Have you seen your students make these mistakes?
Why do these mistakes occur? In fractions, students often “self-invent” rules (especially for fraction multiplication and simplification) which are wrong, but do not even realize they were wrong in the first place!
It is therefore important to inculcate a practice of understanding before rules when teaching fractions, and the topic of fraction of a set provides many opportunities for conceptual understanding and visual representations.
The topic of fraction of a set fits in between fraction of a whole and fraction multiplication. It is a subset of the general fraction multiplication, but is usually taught as a pre-cursor to fraction multiplication.
The general progression of the topics involved can be viewed as:
- Fraction of a whole
- Fraction of a set
- Fraction multiplications
With a spiral approach, fraction of a set is generally taught across grades 3 and 4.
3rd Grade – Pictures and Reasoning
In 3rd grade, we use pictures to help students understand the concept of fraction of a set. For example, these two questions from Math in Focus workbook 3B (p. 113-114) introduce concept in a friendly and conceptual manner.
Using the same fraction and task/pictures (painting trucks), students apply their understanding of 2/5 of 5 trucks, to 2/5 of a larger set of 20 trucks.
Notice we did not introduce any rules in these questions, students use their own reasoning to deduce the answers.
Once we’re familiar with fraction of a set using pictures, it is time to introduce bar model representations, e.g. Math In Focus workbook 3B (p. 116),
This slightly more abstract, but still pictorial, representation is very useful when we start extending cases to more complex cases in general fraction multiplications. Students will be dealing with bar models more in 4th grade.
4th Grade – Bar Models
In 4th grade, we use less pictures and more bar models. For example,
Once students have mastered the conceptual understanding through pictures and bar models, it is time to move on to teaching procedures. This is a good chance to explain the links between conceptual understanding and procedures, before students move up to 5th grade, where they will be doing more fraction manipulations. For example, we can invite students to explore the reasoning behind the procedure of “canceling” numerator and denominator, by showing why 2/3 x 24 = 2 x 24/3 = 2 x 8, by drawing pictures such as
Hence, two- thirds of 24 is the same as 2 groups of 8.
In general, when trying to connect conceptual understanding to procedures, we start with numbers that kids can visualize easily, e.g. ⅔ of 12, before others, e.g. ⅔ x 13. In the latter, to use visual representation to explain how it works out to be 8⅔ , we can try putting 13 shapes in 3 groups. For example:
Difference between fraction of a set and fraction of a whole
The fact that we teach these two topics one after the other sometimes lead to confusion. In fact, they may represent different problems or physical meaning, even though the answers are the same. For example, ⅔ of 12 vs 12 x ⅔ can be interpreted as follows:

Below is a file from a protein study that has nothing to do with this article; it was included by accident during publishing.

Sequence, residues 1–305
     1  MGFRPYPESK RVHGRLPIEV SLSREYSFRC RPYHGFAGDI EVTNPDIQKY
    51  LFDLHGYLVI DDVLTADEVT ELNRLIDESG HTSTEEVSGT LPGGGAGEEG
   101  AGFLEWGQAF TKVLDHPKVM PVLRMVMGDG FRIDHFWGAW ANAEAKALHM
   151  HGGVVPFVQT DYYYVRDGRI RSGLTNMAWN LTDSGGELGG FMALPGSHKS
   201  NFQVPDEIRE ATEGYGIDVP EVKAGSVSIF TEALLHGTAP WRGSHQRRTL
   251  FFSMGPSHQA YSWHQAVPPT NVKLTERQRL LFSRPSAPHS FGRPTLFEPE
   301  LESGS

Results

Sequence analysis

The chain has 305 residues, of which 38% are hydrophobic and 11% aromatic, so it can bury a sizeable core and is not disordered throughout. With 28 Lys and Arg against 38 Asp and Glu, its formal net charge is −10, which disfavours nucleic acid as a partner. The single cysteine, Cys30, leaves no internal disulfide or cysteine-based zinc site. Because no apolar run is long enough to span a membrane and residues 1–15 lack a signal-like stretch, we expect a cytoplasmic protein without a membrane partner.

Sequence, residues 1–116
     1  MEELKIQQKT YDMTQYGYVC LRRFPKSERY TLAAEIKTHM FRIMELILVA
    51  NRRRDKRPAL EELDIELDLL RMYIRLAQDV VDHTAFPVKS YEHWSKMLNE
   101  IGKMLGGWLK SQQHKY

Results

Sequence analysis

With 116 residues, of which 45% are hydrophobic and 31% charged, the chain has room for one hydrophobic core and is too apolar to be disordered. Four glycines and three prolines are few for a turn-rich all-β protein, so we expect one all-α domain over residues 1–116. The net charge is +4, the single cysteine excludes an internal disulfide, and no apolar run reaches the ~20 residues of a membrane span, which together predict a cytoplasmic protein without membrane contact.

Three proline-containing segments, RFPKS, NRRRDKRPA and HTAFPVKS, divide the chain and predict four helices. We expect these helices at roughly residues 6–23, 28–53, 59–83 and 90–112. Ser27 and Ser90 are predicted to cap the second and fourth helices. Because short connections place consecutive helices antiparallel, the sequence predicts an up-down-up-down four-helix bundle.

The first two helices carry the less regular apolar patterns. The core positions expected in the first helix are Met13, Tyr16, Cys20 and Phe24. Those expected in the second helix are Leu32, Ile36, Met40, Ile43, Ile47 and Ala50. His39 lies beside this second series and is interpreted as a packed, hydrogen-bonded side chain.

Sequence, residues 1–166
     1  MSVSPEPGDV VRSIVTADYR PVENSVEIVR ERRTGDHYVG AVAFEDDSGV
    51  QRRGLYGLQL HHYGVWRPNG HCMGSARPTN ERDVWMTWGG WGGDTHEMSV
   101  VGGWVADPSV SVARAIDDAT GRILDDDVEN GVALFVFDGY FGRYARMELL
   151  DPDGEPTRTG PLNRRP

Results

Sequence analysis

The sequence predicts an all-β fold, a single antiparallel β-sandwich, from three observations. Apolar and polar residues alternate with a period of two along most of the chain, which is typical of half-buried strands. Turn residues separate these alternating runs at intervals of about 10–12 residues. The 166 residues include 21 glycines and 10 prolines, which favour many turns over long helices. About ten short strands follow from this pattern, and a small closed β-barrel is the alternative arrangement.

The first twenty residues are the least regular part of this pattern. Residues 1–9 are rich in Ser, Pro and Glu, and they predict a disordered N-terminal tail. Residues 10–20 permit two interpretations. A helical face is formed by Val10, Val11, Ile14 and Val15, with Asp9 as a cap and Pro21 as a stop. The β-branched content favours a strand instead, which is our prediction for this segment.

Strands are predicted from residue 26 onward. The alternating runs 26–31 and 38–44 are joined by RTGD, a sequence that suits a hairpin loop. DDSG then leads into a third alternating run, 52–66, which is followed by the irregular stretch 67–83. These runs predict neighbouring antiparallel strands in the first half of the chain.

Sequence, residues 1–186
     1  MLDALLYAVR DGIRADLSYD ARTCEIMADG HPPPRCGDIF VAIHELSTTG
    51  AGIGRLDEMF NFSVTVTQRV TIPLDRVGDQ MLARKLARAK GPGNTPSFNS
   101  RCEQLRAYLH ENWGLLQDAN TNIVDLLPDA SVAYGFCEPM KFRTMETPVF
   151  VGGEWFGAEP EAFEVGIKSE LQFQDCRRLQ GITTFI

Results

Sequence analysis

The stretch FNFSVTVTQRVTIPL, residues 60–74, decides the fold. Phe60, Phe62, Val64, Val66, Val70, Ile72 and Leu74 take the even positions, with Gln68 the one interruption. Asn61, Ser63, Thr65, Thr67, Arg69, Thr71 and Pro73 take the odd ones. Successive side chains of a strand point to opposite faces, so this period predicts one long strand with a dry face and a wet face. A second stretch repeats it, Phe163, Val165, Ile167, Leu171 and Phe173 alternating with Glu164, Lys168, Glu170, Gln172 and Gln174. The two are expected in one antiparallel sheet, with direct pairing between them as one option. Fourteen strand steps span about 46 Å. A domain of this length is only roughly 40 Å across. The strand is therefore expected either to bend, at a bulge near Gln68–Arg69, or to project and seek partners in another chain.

I. 2/3 of 12
There are 12 pizzas. ⅔ of the total number of pizzas is 8.
II. 12 x ⅔
Each person takes ⅔ of a pizza, the total number of pizzas eaten by 12 people is 8.
It is important for teachers to understand the difference in the meaning. Mathematically, they may be equivalent, but they represent two different views of the same problem. In order for students to gain a strong conceptual understanding, it is important for them to understand which of the two interpretation they are dealing with.
Other Common Mistakes
Some other common misconceptions we see in students for this topic includes:
i) Mixing up procedures with equivalent fractions
2/3 x 5 = 2×5 / 3×5 = 10 / 15 = 2/3
This usually results from too much emphasis on procedures before strong conceptual understanding are established.
ii) Ignoring the Concept of the Same Whole
For example, in 2/3 x 3,
These mistakes provide excellent opportunity to revisit the concept of the same whole in fraction addition. We can also remind students that multiplication is repeated addition to let them see the error.
Teach for Understanding
Teachers can help the students understand the meaning of each of the numbers in fraction of a set problems, e.g. in 3/4 of 8,
- the number 8 represents “a set of 8”
- the number 4 represents “total 4 equal groups”
- the number 3 represents “the number of groups we’re considering”
Also use pictorial means to help students understand concepts whenever possible. Can we draw a picture to find 3/4 of 8?
From the explanation, the denominator 4 represents the number of groups we need to divide 8 into, and the numerator 3 tells us we need three of the 4 groups.
Fraction of a set is usually presented as the precursor to the general topic of fraction multiplication, and is an important topic in fraction on its own. Usually taught right after fraction of a whole, students are sometimes confused about their distinction. This prevents them from gaining strong conceptual understanding and results in some common mistakes which if not addressed, will lead to further confusion when general fraction multiplication is introduced.
This article is part of a series of blog posts on Fractions:
- >> Read the next post on Fractions: Fraction Multiplication
- << Read the previous post on Fractions: Addition and Subtraction of Fractions Part 3 – Unrelated Fractions
- Or start from the beginning: Understanding Fractions as Equal Parts
More Fraction Resources
For more fraction resources, refer to our main fractions page.